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Are We Able to Print Components as Strong as Injection Molded?—Comparing the Properties of 3D Printed and Injection Molded Components Made from ABS Thermoplastic

Institute of Metrology and Biomedical Engineering, Faculty of Mechatronics, Warsaw University of Technology, 8 Sw. A. Boboli St., 02-525 Warsaw, Poland
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Academic Editors: Ireneusz Szachogluchowicz, Janusz Torzewski and Marcin Wachowski
Appl. Sci. 2021, 11(15), 6946; https://doi.org/10.3390/app11156946
Received: 28 June 2021 / Revised: 23 July 2021 / Accepted: 26 July 2021 / Published: 28 July 2021
In this paper, we are focusing on comparing results obtained for polymer elements manufactured with injection molding and additive manufacturing techniques. The analysis was performed for fused deposition modeling (FDM) and single screw injection molding with regards to the standards used in thermoplastics processing technology. We argue that the cross-section structure of the sample obtained via FDM is the key factor in the fabrication of high-strength components and that the dimensions of the samples have a strong influence on the mechanical properties. Large cross-section samples, 4 × 10 mm2, with three perimeter layers and 50% infill, have lower mechanical strength than injection molded reference samples—less than 60% of the strength. However, if we reduce the cross-section dimensions down to 2 × 4 mm2, the samples will be more durable, reaching up to 110% of the tensile strength observed for the injection molded samples. In the case of large cross-section samples, strength increases with the number of contour layers, leading to an increase of up to 97% of the tensile strength value for 11 perimeter layer samples. The mechanical strength of the printed components can also be improved by using lower values of the thickness of the deposited layers. View Full-Text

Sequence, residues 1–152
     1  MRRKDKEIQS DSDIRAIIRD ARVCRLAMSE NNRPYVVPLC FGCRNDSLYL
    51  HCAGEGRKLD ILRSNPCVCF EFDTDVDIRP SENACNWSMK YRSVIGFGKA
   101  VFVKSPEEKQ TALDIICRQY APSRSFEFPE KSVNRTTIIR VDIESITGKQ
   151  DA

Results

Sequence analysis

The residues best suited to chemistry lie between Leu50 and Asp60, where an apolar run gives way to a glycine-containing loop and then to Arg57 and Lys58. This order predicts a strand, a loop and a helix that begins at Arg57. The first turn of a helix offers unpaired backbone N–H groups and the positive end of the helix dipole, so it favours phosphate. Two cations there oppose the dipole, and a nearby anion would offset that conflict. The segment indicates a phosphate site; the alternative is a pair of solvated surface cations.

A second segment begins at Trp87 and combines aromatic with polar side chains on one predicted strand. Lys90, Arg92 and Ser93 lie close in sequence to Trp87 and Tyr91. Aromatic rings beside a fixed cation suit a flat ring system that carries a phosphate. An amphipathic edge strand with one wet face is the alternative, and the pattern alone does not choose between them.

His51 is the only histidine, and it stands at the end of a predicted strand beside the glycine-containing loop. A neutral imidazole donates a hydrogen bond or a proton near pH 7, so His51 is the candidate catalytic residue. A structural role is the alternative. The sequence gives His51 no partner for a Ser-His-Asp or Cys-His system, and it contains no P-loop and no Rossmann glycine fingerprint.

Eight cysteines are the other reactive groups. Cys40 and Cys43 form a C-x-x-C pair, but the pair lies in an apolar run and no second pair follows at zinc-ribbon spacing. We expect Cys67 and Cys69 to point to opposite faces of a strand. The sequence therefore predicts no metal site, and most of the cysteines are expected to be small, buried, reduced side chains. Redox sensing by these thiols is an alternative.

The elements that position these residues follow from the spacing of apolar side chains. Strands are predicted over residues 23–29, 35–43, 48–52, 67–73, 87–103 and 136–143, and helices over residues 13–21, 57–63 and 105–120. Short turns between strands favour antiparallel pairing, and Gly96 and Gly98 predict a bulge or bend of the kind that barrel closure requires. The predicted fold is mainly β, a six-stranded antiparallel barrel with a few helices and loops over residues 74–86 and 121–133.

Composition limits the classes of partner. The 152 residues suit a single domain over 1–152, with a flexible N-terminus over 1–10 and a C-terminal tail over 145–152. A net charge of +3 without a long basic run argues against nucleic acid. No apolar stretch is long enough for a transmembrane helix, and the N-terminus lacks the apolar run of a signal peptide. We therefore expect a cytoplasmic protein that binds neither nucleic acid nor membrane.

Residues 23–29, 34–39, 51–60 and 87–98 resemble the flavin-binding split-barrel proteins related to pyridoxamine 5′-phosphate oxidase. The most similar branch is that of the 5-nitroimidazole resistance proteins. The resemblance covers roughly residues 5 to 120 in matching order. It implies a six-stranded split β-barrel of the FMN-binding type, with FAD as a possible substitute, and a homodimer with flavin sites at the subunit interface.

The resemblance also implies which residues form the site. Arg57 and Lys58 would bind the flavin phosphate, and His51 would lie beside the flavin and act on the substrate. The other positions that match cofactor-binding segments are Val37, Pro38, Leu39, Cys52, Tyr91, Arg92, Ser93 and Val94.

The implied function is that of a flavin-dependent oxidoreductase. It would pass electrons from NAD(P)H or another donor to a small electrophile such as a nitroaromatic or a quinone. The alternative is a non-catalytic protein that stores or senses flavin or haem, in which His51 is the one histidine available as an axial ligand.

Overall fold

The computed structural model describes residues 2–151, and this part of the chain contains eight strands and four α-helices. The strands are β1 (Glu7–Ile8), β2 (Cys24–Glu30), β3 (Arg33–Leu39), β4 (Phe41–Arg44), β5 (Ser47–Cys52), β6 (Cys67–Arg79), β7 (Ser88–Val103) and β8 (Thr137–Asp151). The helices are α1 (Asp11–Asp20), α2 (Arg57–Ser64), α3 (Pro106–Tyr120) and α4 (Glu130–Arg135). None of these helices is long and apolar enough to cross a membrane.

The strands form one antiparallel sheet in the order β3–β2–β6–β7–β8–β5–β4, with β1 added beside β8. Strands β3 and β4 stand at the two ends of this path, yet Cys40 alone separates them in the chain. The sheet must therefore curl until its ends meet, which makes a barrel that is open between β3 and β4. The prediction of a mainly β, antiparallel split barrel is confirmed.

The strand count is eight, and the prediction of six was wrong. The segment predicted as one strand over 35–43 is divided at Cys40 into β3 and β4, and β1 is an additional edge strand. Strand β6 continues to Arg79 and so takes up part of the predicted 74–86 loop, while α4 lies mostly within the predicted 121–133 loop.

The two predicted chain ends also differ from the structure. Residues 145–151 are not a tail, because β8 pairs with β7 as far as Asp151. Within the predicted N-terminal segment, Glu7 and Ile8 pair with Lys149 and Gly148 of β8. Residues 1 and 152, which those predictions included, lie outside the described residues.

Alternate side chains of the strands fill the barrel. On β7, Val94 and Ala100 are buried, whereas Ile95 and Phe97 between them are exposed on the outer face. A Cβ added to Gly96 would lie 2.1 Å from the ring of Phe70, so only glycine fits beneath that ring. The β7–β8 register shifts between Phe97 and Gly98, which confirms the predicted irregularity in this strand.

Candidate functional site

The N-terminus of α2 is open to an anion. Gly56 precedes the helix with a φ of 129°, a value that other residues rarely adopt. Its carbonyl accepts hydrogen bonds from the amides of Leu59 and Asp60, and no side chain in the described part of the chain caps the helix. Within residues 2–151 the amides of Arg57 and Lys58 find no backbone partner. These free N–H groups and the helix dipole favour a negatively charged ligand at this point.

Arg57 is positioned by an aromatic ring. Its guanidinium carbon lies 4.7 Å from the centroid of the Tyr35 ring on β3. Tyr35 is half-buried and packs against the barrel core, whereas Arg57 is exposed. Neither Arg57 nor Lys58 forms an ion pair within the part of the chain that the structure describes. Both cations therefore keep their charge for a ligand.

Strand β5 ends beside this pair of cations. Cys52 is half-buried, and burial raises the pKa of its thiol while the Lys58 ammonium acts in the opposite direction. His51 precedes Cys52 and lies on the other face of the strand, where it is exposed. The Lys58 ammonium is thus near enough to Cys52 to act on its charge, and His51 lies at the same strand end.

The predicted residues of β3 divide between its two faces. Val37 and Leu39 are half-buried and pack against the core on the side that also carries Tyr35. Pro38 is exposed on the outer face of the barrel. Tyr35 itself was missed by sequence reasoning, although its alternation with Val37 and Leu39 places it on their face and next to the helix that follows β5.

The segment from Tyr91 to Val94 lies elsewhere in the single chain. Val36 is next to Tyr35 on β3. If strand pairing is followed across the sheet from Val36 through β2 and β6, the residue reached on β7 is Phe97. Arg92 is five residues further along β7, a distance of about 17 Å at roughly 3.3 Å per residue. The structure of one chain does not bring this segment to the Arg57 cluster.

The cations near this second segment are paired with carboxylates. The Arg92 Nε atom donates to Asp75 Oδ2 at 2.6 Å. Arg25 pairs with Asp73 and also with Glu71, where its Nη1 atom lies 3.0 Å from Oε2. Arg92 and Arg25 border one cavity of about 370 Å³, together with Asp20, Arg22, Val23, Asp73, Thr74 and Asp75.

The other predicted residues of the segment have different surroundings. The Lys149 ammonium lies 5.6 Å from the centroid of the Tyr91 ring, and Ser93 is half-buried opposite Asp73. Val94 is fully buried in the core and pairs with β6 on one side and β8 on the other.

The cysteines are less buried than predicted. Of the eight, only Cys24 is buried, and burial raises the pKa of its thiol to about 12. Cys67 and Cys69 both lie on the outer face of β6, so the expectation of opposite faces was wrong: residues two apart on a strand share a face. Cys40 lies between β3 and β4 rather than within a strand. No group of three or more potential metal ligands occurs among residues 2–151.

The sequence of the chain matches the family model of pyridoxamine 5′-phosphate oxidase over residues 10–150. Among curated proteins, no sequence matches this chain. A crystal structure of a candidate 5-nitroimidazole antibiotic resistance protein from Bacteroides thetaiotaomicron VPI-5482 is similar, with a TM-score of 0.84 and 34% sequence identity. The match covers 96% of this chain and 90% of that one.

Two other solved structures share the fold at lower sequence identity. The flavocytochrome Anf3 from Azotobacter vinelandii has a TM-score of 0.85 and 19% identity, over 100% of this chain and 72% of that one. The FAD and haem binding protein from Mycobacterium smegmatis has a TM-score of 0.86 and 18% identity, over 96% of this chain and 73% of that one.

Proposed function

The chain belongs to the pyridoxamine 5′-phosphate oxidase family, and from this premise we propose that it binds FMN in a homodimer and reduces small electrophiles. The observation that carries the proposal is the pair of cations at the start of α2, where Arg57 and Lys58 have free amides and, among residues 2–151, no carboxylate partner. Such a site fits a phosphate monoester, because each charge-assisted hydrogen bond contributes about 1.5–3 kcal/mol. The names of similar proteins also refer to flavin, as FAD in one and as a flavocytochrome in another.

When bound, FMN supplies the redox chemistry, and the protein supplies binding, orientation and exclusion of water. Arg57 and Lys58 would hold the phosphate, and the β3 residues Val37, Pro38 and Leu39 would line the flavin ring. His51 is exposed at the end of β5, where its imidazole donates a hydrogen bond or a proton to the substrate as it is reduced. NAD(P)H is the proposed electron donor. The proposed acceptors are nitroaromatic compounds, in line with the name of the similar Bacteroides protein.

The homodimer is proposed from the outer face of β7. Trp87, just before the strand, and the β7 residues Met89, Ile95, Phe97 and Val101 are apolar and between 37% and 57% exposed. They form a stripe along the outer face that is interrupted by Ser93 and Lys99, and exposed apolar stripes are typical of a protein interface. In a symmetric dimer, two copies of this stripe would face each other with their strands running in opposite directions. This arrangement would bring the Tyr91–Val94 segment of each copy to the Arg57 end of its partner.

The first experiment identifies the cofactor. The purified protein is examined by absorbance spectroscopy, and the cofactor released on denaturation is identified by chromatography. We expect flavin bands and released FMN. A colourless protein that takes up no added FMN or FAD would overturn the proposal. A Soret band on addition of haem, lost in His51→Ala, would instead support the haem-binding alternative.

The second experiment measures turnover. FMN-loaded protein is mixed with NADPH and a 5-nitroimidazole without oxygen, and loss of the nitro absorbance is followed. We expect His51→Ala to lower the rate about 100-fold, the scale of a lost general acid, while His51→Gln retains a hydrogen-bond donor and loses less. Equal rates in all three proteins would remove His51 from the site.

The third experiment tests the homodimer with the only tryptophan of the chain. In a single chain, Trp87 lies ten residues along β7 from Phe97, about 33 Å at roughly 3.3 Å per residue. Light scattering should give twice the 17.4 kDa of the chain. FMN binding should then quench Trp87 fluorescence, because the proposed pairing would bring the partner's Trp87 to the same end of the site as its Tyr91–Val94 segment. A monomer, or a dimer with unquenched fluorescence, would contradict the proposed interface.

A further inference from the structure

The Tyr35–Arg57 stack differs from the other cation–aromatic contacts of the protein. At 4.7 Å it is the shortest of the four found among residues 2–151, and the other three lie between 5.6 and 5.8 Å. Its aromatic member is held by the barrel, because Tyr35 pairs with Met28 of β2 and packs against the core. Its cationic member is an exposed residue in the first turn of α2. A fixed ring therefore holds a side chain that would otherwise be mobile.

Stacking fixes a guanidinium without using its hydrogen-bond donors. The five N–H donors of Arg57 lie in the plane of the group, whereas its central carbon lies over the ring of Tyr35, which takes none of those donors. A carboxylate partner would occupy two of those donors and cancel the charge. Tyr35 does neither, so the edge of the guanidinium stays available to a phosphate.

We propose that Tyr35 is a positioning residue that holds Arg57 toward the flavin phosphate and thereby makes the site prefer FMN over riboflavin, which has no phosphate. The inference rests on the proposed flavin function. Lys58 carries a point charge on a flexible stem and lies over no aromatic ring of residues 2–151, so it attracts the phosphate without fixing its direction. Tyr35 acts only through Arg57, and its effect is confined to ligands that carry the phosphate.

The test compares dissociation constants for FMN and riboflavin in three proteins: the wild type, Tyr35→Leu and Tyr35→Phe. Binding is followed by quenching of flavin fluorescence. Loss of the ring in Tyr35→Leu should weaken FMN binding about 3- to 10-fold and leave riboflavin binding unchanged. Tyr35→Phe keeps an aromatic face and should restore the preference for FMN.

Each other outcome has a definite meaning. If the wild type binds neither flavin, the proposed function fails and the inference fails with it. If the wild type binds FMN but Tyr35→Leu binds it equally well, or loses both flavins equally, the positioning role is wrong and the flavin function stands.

Keywords: additive manufacturing; fused deposition modeling; injection molding; polymers; tensile strength additive manufacturing; fused deposition modeling; injection molding; polymers; tensile strength
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MDPI and ACS Style

Podsiadły, B.; Skalski, A.; Rozpiórski, W.; Słoma, M. Are We Able to Print Components as Strong as Injection Molded?—Comparing the Properties of 3D Printed and Injection Molded Components Made from ABS Thermoplastic. Appl. Sci. 2021, 11, 6946. https://doi.org/10.3390/app11156946

AMA Style

Podsiadły B, Skalski A, Rozpiórski W, Słoma M. Are We Able to Print Components as Strong as Injection Molded?—Comparing the Properties of 3D Printed and Injection Molded Components Made from ABS Thermoplastic. Applied Sciences. 2021; 11(15):6946. https://doi.org/10.3390/app11156946

Chicago/Turabian Style

Podsiadły, Bartłomiej, Andrzej Skalski, Wiktor Rozpiórski, and Marcin Słoma. 2021. "Are We Able to Print Components as Strong as Injection Molded?—Comparing the Properties of 3D Printed and Injection Molded Components Made from ABS Thermoplastic" Applied Sciences 11, no. 15: 6946. https://doi.org/10.3390/app11156946

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